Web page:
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Rubio supporters in Congress warm to contested convention

Rubio supporters in Congress warm to contested convention
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Lawmakers who endorsed Marco RubioMarco Antonio RubioTrump must send Russia powerful message through tougher actions McCain, Coons immigration bill sparks Trump backlash Taking a strong stance to protect election integrity MORE’s failed presidential bid are running out of options and warming to the prospect of a contested GOP convention.

They say going to the convention without a predetermined nominee may be the only way to prevent Donald TrumpDonald John TrumpTillerson: Russia already looking to interfere in 2018 midterms Dems pick up deep-red legislative seat in Missouri Speier on Trump's desire for military parade: 'We have a Napoleon in the making' MORE, the party’s front-runner, from winning the nomination.

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“I’m not sure it’s the best route, but it may be the only real remaining route,” said Rep. Bill Huizenga (R-Mich.), who had endorsed the Florida senator. “So if that is the case, then, you know, let’s move boldly into it.”

Some of the Rubio backers are two-time losers.

Many initially supported Jeb Bush for president before moving to Rubio after the former Florida governor dropped out of the Republican race following a disastrous finish in South Carolina’s primary.

Now they’ve seen their second choice for an establishment pick fall to defeat — and in his home state. Rubio suspended his campaign Tuesday night after finishing well behind Trump in Florida’s primary.

“I find that my endorsement is the kiss of death,” Sen. Orrin HatchOrrin Grant HatchOvernight Tech: Uber exec says 'no justification' for covering up hack | Apple considers battery rebates | Regulators talk bitcoin | SpaceX launches world's most powerful rocket Overnight Cybersecurity: Tillerson proposes new cyber bureau at State | Senate bill would clarify cross-border data rules | Uber exec says 'no justification' for covering up breach Hatch introduces bipartisan bill to clarify cross-border data policies MORE (R-Utah) joked to reporters on Wednesday. 

Only three Republicans remain in the race: Trump, Texas Sen. Ted CruzRafael (Ted) Edward CruzSasse statement: Trump nominee who spread conspiracy theories has a ‘tinfoil hat’ Coalition of 44 groups calls for passage of drug pricing bill For the sake of our democracy, politicians must stop bickering MORE and Ohio Gov. John Kasich.

Kasich and his supporters are embracing the idea of a brokered convention, which represents the last establishment candidate’s only hope of winning the nomination.

“I think a contested convention may be an inevitability unless Donald Trump can a secure a majority of delegates going into the convention, which mathematically seems a bit tough right now,” said Rep. Charlie Dent (R-Pa.), a Kasich supporter.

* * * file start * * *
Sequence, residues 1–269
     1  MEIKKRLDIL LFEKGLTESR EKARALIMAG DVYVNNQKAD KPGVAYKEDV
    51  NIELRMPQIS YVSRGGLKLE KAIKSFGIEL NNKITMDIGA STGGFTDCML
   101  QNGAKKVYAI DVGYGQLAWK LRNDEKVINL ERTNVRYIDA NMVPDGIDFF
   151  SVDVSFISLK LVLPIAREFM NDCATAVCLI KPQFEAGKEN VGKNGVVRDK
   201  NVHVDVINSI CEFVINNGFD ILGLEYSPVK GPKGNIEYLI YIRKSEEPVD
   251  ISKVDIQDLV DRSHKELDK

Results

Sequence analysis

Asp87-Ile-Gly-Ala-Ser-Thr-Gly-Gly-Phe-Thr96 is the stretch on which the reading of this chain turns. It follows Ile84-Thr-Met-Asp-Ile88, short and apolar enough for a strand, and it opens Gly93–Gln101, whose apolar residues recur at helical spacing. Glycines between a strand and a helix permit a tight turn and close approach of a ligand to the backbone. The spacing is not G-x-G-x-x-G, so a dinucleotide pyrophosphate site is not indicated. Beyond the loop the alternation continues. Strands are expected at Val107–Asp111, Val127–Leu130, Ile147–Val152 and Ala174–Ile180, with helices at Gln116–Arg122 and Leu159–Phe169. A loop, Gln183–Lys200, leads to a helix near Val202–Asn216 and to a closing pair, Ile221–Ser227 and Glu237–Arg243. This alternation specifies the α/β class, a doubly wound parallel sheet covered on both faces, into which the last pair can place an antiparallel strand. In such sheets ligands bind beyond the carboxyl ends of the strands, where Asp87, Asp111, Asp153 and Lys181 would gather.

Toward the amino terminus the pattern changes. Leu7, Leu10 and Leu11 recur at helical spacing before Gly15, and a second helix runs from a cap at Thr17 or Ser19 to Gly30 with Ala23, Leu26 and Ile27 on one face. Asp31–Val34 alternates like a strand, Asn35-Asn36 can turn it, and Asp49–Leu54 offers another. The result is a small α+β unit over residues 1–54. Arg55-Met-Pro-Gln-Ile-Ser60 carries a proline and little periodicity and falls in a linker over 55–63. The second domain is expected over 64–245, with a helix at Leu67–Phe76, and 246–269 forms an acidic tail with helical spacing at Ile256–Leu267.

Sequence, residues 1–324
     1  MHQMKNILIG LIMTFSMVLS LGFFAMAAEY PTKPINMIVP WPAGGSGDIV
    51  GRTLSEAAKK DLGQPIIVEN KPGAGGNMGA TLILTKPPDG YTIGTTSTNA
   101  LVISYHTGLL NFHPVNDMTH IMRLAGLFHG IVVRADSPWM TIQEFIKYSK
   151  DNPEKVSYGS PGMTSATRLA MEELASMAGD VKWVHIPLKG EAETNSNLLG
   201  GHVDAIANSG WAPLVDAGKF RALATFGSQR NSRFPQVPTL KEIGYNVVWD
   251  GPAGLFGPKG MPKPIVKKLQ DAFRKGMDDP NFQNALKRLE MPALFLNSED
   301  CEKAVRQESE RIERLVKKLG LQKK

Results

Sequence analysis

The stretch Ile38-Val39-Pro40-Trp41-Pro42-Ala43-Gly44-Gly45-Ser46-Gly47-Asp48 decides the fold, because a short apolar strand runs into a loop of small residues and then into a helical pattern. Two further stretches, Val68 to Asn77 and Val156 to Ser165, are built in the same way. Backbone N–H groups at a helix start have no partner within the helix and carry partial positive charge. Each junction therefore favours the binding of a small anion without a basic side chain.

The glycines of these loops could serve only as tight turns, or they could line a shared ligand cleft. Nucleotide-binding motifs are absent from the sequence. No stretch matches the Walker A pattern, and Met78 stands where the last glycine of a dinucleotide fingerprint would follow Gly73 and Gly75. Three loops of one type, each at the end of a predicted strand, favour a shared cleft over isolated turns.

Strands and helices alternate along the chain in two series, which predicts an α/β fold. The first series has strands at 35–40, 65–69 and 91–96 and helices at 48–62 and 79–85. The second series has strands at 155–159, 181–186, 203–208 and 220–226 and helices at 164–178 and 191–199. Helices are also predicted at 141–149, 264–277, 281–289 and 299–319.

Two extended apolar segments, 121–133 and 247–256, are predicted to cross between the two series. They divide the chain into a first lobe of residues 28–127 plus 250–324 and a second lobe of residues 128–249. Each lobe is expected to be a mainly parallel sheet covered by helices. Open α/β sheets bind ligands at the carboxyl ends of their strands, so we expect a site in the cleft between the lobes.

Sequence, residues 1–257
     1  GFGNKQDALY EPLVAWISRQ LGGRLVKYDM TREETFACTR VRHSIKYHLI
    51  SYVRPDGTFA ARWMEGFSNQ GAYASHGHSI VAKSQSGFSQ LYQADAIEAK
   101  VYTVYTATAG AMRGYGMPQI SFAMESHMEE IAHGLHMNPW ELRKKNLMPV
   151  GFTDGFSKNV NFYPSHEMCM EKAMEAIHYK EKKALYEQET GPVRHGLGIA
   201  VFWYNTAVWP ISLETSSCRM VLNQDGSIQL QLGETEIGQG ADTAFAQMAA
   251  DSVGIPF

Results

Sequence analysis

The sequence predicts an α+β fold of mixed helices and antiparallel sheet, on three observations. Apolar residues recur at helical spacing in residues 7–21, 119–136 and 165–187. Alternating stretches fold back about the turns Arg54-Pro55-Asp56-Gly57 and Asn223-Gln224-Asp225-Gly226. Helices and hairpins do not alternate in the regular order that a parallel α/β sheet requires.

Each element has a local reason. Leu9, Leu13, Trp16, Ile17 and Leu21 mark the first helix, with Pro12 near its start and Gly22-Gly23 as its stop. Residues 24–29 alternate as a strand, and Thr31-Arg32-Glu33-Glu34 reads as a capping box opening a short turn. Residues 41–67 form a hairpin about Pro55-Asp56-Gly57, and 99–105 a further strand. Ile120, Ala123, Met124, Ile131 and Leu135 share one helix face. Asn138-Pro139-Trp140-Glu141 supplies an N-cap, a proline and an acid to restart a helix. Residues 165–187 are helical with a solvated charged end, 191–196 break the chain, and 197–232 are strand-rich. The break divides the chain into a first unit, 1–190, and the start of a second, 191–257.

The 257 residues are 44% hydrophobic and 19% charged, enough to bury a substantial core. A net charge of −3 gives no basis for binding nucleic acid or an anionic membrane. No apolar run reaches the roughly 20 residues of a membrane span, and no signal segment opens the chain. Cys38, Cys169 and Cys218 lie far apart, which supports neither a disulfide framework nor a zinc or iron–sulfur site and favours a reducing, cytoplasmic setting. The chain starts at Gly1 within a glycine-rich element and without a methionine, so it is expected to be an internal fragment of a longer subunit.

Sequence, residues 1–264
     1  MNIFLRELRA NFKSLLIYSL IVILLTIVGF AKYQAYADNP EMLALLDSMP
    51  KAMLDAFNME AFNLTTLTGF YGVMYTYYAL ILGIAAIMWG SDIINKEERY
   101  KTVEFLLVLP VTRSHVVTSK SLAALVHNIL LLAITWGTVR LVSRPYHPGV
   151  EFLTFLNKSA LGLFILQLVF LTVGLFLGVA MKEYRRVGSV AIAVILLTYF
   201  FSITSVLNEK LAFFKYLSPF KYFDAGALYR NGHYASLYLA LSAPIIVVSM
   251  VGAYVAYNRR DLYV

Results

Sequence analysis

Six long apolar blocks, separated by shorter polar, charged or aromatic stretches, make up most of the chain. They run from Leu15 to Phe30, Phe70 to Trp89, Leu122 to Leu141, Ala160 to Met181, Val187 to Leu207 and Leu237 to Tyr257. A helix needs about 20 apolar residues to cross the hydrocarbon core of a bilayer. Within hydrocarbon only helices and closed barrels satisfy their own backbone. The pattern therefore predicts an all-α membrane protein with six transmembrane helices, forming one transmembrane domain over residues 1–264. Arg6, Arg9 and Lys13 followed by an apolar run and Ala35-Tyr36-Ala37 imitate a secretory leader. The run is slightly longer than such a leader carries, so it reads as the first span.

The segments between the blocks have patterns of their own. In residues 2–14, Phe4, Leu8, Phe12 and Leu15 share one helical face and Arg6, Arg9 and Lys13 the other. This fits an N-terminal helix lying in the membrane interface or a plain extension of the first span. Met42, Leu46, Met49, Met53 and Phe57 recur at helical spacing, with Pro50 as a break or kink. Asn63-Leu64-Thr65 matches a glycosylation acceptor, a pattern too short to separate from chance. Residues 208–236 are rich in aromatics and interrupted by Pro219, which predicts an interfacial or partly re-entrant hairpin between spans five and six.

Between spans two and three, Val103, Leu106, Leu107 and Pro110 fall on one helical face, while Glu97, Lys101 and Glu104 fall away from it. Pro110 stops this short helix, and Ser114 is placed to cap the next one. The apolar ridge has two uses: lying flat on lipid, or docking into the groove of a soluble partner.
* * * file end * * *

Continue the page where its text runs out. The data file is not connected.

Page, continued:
Trump would need to win more than 60 percent of the delegates left to reach the 1,237 necessary to clinch the nomination.

It could be a daunting goal, though it is certainly not impossible, since Trump will now be splitting votes with just two other candidates. Several winner-take-all states, including Arizona on March 22, also remain.

Lawmakers who aren’t on board with Trump question whether he can reach the number.

“Right now, when I look at the math, there’s not a clear pathway to 1,237 [delegates],” said Rep. Mario Díaz-Balart (R-Fla.), who had endorsed Bush before Rubio. “The best outcome is to have a solid Republican nominee who can unify the party. How that happens is a procedural issue.”

When asked if a brokered convention might be the best chance left for a preferable candidate, Rubio supporter Sen. Jeff FlakeJeffrey (Jeff) Lane FlakeMcConnell: 'Whoever gets to 60 wins' on immigration Huckabee Sanders: Dems need to decide if they 'hate' Trump 'more than they love this country' Trump spokeswoman fires back at Flake: 'His numbers are in the tank' MORE (R-Ariz.) laughed nervously before answering, “All I can say is that I’m concerned about a Trump nomination.”

Sixty-two Republicans endorsed Rubio for president — more than any other GOP candidate.

Lawmakers who endorsed Rubio said both the Kasich and Cruz campaigns reached out to them after the Florida senator’s poor showing in his home state Tuesday night.

But there was no huge movement on Wednesday, a departure from February, when nearly a dozen lawmakers quickly switched their support to Rubio after Bush suspended his campaign.

Kasich collected one new congressional endorsement on Wednesday. A spokeswoman for Sen. James InhofeJames (Jim) Mountain InhofeRepublican agenda clouded by division Overnight Regulation: Dems go on attack during EPA chief's hearing | Mnuchin promises more Russia sanctions | Regulators subpoena major bitcoin exchange | New lawsuit over FDA e-cig rule Dems go on the attack during EPA chief's hearing MORE (R-Okla.) confirmed that the Senate Environment and Public Works Committee chairman would be switching his endorsement from Rubio to Kasich.

Meanwhile, South Carolina Gov. Nikki Haley, who had also endorsed Rubio, said she would support Cruz.

If Trump does clinch the nomination, several lawmakers predicted Republicans would still be deeply divided over his candidacy.

“There are going to be hurt feelings no matter what,” Dent said.